Motte and bailey castle with associated remains of a medieval village and ridge and furrow cultivation, 200m west of St Peter's Church
- Heritage Category:
- Scheduled Monument
- List Entry Number:
- Date first listed:
- Date of most recent amendment:
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The building or site itself may lie within the boundary of more than one authority.
- Shropshire (Unitary Authority)
- National Grid Reference:
- SO 34051 91467
Reasons for Designation
Motte and bailey castles are medieval fortifications introduced into Britain
by the Normans. They comprised a large conical mound of earth or rubble, the
motte, surmounted by a palisade and a stone or timber tower. In a majority of
examples an embanked enclosure containing additional buildings, the bailey,
adjoined the motte. Motte castles and motte-and-bailey castles acted as
garrison forts during offensive military operations, as strongholds, and, in
many cases, as aristocratic residences and as centres of local or royal
administration. Built in towns, villages and open countryside, motte and
bailey castles generally occupied strategic positions dominating their
immediate locality and, as a result, are the most visually impressive
monuments of the early post-Conquest period surviving in the modern landscape.
Over 600 motte castles or motte-and-bailey castles are recorded nationally,
with examples known from most regions. As one of a restricted range of
recognised early post-Conquest monuments, they are particularly important for
the study of Norman Britain and the development of the feudal system. Although
many were occupied for only a short period of time, motte castles continued to
be built and occupied from the 11th to the 13th centuries, after which they
were superseded by other types of castle.
The motte and bailey castle at More is a well-preserved example of this class of monument, incorporating the remains of an earlier ringwork castle. The site therefore provides significant evidence for the changing design and functional roles of castles in this area during the early Middle Ages. The small-scale archaeological excavation has helped to demonstrate the nature, extent and the date of the structural remains existing here. These buildings, together with the associated artefacts and organic remains, will provide valuable evidence about the activities and lifestyle of the inhabitants. Documentary references provide valuable information about the status of its occupants and the strategic importance of the castle during the early Middle Ages. The close proximity of the motte and bailey castle at Lydham would suggest that both these castles were associated in some way.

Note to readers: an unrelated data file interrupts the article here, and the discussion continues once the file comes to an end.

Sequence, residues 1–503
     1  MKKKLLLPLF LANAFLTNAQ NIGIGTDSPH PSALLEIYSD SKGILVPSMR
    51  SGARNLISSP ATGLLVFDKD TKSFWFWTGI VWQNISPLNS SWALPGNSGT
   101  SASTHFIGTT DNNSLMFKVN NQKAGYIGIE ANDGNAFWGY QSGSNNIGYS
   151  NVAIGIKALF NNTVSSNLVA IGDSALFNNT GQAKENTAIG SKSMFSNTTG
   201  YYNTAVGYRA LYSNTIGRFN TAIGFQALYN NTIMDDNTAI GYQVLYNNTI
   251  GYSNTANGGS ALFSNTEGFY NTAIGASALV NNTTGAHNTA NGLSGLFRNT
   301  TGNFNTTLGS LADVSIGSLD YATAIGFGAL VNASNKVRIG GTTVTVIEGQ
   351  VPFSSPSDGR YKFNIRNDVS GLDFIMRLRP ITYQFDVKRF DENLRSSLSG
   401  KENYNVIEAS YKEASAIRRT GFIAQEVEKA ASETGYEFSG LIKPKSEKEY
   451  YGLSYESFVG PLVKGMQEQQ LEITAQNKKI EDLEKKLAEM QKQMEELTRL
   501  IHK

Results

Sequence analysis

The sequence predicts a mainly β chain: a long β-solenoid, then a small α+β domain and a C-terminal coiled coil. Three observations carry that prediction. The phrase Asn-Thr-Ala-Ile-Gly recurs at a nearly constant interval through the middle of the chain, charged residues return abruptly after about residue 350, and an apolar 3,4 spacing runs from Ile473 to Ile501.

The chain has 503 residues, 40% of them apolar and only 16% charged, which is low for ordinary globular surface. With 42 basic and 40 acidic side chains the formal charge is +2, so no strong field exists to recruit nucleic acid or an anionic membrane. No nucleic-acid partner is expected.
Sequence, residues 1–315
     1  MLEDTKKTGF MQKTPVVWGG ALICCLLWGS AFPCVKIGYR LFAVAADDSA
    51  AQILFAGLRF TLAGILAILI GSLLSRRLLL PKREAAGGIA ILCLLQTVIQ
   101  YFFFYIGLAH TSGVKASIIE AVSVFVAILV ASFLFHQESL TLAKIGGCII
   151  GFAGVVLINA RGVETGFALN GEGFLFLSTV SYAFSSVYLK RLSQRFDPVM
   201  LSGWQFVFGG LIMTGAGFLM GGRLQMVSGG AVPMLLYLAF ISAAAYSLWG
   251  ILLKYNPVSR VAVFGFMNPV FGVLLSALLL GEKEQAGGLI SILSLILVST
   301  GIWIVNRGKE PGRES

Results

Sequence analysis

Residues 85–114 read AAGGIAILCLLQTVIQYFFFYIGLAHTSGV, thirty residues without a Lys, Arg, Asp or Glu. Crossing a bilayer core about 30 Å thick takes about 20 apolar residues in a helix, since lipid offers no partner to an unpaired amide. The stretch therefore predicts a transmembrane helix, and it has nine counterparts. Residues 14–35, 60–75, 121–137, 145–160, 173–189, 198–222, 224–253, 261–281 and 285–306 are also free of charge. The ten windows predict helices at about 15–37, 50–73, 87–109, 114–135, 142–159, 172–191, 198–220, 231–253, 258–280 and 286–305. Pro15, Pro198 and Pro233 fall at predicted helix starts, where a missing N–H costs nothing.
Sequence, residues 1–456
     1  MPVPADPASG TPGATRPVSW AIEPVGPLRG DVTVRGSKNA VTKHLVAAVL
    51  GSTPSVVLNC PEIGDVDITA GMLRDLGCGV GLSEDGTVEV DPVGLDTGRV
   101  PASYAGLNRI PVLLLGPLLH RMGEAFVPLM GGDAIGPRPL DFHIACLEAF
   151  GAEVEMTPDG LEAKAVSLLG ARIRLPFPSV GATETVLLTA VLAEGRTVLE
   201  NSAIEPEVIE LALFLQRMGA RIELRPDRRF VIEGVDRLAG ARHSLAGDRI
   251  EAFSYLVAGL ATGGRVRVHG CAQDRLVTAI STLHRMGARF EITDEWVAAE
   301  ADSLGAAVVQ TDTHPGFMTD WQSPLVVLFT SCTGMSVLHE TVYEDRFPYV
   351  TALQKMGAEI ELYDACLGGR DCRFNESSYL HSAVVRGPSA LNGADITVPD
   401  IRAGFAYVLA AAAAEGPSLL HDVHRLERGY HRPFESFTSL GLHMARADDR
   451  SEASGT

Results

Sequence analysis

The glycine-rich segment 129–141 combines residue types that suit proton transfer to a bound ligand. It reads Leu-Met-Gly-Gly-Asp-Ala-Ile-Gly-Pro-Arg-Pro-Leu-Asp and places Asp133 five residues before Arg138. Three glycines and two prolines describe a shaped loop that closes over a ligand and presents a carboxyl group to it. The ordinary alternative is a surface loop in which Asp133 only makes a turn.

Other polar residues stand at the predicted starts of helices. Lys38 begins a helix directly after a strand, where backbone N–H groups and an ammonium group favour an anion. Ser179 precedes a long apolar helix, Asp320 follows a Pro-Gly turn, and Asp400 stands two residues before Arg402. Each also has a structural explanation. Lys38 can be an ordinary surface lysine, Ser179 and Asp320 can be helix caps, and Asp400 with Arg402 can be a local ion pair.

The importance of the castle at More is further enhanced by its direct association with the adjacent medieval settlement. Despite modification of parts of this area from later cultivation, extensive structural remains are expected to survive. The buildings, the associated artefacts and the organic remains will, in relation to those at the castle, provide considerable evidence for the economic basis and the organisation and social structure of the medieval community at More.
The use of this area for cultivation in the later Middle Ages, following the abandonment of the castle and the part of the settlement immediately adjacent to it, demonstrates the changing nature of land holding patterns and the economic needs of the community at this time.
The monument includes the earthwork and buried remains of a motte and bailey
castle, partly formed from an earlier ringwork castle, the associated remains
of a medieval village and ridge and furrow cultivation, situated on a tongue
of land which extends into a lower lying former marshy area from the slightly
higher ground to the east. At the western end of this peninsula is the site of
the castle. It lies 600m north east of the motte and bailey castle at Lydham,
which is the subject of a separate scheduling.
Documentary evidence indicates that More orginally lay within the manor of Lydham, and that in the 12th century, probably during the reign of Henry I (1100-1135), it became a separate manor. During Henry's reign it is also recorded that the Lord of More, a constable of the king's army, was required to command 200 foot soldiers, while carrying the royal standard, whenever the king crossed into Wales in time of war. A document of 1215 mentions a castle at Moretoin, which is thought to refer to the castle at More, and in 1368 a licence was granted to Hugh Cheney allowing him to celebrate Mass in the oratory (private chapel) at his mansion house here.